basis to the Abigroup plan. That action was probably enough to kill
such plans if any existed. SuperDome’s struggled ever since, so much so
that after Bilfinger Australia made a takeover bid for Abigroup
launched last October, it announced that it would sell off the
SuperDome as part of the takeover.
So the Sydney Entertainment Centre is still the major venue of choice,
and after ownership of the centre was transferred to the then Darling
Harbour Authority from the Ministry of the Arts, it is now part of the
Sydney Harbour Foreshore Authority’s property holdings. (The SHFA
absorbed the DHA when it was created.) The SHFA virtually has total
control over all the Sydney Harbour foreshore, Darling Harbour, and the
Austalian Technology Park in Redfern (which has always amused me, as it
doesn’t even have harbour glimpses).
The SHFA is the planning consent authority for, as well as landlord for
many of the properties in, the area under control. It’s headed by one
of the few men who strikes fear into the heart of Boilermaker Bill –
Gerry “The Cardinal” Gleeson, head of the Premier’s Department under
Neville Wran, and currently head of the Remuneration Tribunal for
Widely respected (and feared), The Cardinal reportedly calls the Wran
Premiership the “Wran-Gleeson” era, and was called in by Bob Carr after
his election in 1995 to scrutinise every appointment to Ministerial staff for the incoming Government. The Cardinal took his
screening duties so seriously that one Minister had a fierce argument
with Gleeson over their preference for Chief of Staff.
The Cardinal usually avoids publicity, but in November 2000 the
Australian Financial Review had a look at some dealings involving the
Darling Harbour Authority (DHA), the precursor to the SHFA, and
Amalgamated Holdings limited (AHL), owner of Greater Union cinemas and
other tourism and hospitality holdings. The AFR reported that The
Cardinal was a member of the board of Amalgamated Holdings and was
Chairman of the DHA in September 1997 when the DHA approved a sublease
on Pier 26 for a charter boat authority owned by an AHL subsidiary.
Pier 26 now features a flash pub and charter boat mooring directly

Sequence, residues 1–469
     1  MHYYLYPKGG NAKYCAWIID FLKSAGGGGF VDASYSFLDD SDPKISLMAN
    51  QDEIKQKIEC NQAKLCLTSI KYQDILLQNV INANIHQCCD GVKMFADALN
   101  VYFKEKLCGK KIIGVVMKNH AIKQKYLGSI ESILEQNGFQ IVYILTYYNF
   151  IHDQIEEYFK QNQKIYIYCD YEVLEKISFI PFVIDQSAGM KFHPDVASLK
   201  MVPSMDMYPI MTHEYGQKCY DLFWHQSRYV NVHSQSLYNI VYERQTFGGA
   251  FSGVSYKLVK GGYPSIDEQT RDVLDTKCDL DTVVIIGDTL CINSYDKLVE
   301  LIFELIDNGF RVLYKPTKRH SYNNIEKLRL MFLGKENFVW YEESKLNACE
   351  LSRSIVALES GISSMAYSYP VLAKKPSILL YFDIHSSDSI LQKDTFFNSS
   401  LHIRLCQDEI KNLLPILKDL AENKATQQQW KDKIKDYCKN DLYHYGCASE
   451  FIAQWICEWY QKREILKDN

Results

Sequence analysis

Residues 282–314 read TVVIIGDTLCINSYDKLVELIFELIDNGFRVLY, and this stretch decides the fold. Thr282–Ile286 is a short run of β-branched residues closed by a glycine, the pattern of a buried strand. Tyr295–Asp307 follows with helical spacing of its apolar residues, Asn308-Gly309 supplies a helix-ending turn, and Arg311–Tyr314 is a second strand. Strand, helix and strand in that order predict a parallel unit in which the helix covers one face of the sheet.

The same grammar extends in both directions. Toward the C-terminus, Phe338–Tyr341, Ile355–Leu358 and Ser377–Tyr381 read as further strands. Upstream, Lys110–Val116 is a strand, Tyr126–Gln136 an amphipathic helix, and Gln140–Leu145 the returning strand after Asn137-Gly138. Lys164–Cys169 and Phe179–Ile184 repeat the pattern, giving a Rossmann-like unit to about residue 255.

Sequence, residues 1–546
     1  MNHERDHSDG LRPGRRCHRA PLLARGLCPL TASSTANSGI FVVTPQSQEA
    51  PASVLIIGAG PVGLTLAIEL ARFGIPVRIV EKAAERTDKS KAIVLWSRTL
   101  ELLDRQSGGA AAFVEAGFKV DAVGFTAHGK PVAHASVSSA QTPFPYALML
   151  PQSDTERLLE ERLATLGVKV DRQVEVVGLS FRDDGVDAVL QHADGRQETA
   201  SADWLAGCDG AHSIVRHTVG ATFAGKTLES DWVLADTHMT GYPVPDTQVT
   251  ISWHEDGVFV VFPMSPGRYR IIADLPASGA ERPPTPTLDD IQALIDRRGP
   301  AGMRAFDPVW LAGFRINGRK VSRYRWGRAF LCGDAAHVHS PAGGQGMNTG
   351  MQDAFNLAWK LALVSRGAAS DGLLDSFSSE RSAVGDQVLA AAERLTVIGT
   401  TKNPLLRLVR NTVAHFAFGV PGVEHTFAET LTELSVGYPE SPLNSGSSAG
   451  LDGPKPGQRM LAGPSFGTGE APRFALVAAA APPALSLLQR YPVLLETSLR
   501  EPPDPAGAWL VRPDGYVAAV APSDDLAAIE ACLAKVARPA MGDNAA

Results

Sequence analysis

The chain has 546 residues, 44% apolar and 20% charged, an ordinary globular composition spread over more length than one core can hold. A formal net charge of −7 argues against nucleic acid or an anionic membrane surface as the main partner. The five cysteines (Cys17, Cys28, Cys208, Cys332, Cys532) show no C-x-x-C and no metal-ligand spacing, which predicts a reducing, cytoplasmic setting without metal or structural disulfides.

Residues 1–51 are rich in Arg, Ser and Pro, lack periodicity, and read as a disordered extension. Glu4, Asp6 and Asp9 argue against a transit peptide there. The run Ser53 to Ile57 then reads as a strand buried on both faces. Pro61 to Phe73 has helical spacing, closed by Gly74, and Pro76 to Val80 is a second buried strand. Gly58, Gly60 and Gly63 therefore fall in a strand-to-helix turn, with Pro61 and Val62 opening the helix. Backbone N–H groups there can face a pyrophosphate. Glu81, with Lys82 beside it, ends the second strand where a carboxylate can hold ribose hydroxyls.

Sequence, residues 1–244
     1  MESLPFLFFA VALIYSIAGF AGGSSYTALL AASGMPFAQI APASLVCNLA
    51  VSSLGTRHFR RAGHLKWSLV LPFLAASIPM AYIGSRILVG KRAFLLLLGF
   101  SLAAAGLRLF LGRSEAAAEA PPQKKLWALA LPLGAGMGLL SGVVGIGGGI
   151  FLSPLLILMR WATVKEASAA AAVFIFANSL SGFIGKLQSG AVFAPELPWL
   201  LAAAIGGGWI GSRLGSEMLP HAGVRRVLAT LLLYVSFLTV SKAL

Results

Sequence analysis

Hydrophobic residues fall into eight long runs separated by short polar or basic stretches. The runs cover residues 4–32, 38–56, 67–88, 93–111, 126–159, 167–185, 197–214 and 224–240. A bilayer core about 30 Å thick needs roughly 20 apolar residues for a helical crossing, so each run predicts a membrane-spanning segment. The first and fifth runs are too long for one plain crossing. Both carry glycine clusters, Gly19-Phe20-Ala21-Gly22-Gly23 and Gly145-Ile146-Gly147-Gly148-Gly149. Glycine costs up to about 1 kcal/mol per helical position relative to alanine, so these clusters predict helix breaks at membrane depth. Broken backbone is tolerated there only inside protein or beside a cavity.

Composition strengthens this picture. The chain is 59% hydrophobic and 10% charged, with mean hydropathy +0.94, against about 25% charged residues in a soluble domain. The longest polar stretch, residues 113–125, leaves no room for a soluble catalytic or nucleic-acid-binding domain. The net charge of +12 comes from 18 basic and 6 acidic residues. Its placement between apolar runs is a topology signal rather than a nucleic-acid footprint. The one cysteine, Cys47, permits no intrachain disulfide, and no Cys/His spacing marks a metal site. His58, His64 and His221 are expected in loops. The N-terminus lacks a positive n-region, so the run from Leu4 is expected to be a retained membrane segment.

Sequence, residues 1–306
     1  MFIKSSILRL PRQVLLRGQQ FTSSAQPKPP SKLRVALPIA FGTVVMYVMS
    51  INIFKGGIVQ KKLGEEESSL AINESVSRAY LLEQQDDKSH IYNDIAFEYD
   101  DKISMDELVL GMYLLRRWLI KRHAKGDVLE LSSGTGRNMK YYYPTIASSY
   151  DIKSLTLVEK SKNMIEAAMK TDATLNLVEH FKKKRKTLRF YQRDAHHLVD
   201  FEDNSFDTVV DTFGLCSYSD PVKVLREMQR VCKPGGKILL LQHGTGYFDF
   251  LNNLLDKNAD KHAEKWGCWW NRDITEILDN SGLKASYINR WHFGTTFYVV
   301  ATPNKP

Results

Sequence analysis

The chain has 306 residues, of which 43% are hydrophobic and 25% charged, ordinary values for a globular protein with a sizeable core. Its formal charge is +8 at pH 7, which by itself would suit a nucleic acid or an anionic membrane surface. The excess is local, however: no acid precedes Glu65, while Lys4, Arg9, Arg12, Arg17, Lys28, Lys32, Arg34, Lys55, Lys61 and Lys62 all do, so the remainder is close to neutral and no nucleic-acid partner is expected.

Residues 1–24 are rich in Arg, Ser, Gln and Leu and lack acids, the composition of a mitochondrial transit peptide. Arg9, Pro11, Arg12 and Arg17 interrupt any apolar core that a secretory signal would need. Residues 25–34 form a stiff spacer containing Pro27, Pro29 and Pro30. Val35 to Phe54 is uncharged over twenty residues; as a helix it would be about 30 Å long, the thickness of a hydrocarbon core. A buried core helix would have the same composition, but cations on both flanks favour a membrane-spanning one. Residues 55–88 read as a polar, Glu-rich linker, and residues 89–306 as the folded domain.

owned by AHL.
The Cardinal resigned from the AHL Board on 6 March 2000. The
Australian Architecture magazine reported the following in May
“NSW harbour planning supremo Gerry Gleeson resigned his directorship
of tourism firm Amalgamated Holdings (Rydges and Matilda Cruises) just
24 hours before it won approval from his Darling Harbour Authority to
build new headquarters beside the bay. He remains deputy chair of Walsh
Bay developers, Transfield”
However, when the Treasurer Michael Egan was asked in November 2000
about a potential conflict of interest for The Cardinal in the 1997
approval, he showed the regard in which The Cardinal was held:
“He is a very distinguished public servant and is a person who, I am
sure, would always act with complete propriety. I suggest that the Hon.
R. H. Colless should have no concern about anything Mr Gleeson would
So back to the Sydney Entertainment Centre. In September 2002, with the
SEC management contract to expire in April 2003, tenders were called.
The Cardinal was a member of the tender selection panel.
According to an article by Valerie Lawson in the Sydney Morning Herald
on 4 March 2003, this tender was terminated in mid-November.
“A Sydney Harbour Foreshore Authority spokesman said its “evaluation
panel” was “unable to satisfy itself that there was a tenderer who met
“However, it is understood the tender document was so prescriptive that
the whole process might have been subject to a legal challenge. In the
view of prospective tenderers, the first round appeared to favour
Arena, eliminating competitors based within 200 kilometres of the
Sydney Entertainment Centre.”